Guided tours are held every Sat. at 10 am during July and August starting from the Archives Room at 20 Bayfield Main St. Includes Bayfield’s heritage district, tree-lined streets, and harbour views. A new self-guided booklet is also available.Lake Huron has played a vital role in the history of Bayfield. In 1832, Baron van Tuyll van Serooskerken, a Dutch nobleman, purchased large holdings in the Huron Tract including 388 acres at the mouth of the Bayfield River for a settlement. The hamlet developed first as an agricultural supply centre. In the 1840’s Bayfield was a busy shipping port for the export of grain. After rail arrived in the 1860s, the town became a fishing centre. As the community prospered, hotels, stores and many fine residences were built. Many remain. For more information visit: www.bayfieldhistorical.ca.
Goderich is fortunate to have hundreds of beautiful and unique locations of natural/cultural heritage significance. Stroll the historic streets and waterfront of this port town following one or all of
the Heritage Walking Tours.The “4 Heritage Walking Tours” docket covers magnificent harbour and river mouth views; 19th and 20th century properties, 2 railway stations, historic commercial area; and many architecturally
and historically significant locations. “Historic Downtown Goderich” is a brochure map covering 65 acres of urban hiking surrounding a central park and octagonal town square. Twenty-eight blocks make up 6 kilometers of compact streetscape for this shopping, business, civic, arts and entertainment hub. Explore the boardwalk and port’s marine past and present by following the “Marine Heritage Walking Tour.” Walking Tours can be downloaded at www.goderich.ca .
Although, Brussels officially became a village in 1872, it began as the village of Ainleyville in 1855. William Ainlay, a surveyor for the Canada Company, first came to the area in 1852 and felt the waterpower provided by the Maitland River and the rich, deep, untouched soil beneath the canopy of trees made the site a good one.The village of Ainleyville, so named after Ainlay, but misspelled by the recording clerk, began in the southeast part of the present day village. Brussels soon grew into a prosperous community with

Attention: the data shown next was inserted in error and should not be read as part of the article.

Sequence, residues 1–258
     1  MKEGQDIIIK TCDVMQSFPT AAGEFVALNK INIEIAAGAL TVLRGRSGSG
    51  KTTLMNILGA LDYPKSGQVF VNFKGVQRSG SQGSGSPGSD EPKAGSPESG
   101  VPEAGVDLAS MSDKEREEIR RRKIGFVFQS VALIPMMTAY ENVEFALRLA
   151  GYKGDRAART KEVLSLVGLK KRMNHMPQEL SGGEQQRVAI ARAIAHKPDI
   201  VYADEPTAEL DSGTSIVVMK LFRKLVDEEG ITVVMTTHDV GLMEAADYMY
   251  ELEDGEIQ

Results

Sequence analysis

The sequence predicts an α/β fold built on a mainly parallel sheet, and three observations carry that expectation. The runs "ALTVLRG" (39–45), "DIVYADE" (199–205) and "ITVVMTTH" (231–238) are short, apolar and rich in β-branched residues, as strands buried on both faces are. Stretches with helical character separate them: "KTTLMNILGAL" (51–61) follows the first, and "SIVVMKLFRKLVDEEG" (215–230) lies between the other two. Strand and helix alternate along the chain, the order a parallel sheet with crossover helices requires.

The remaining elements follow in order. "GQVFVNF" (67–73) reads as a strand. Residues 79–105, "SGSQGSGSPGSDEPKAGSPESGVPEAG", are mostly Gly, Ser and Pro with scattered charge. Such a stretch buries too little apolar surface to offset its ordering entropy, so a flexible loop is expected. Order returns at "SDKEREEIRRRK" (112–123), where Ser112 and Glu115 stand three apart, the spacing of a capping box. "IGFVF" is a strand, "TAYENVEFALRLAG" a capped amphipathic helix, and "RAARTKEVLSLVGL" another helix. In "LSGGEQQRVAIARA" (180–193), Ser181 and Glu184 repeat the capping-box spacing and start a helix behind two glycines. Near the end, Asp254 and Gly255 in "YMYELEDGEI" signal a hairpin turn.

its own railway station, many local industries, several churches and community groups, and a main street of fine brick blocks. Many of the commercial blocks, which presently line its main thoroughfare, Turnberry Street, were constructed after more than one devastating fire swept through the village. We invite you to tour our quaint historic downtown and stunning residential areas. Tour map can be downloaded at: www.huroneast.com.
Seaforth is a quintessential small Ontario town, dating back to the Victorian period during the years 1850-1853. Anticipating the construction of the railroad, Christopher and George Sparling acquired most of the present site of Seaforth, situated along Provincial Hwy 8, also referred to as the Kitchener-
Stratford-Goderich corridor.We invite you to take a tour of Seaforth beginning at Victoria Park and circling through Town, finally ending at the Cardno Music Hall and Clock Tower on Main Street. Along the way, you will pass sixteen municipally-designated heritage properties and take in Seaforth’s Downtown, one of the oldest designated Heritage Conservation Districts in Ontario. Tour map can be downloaded at: www.huroneast.com.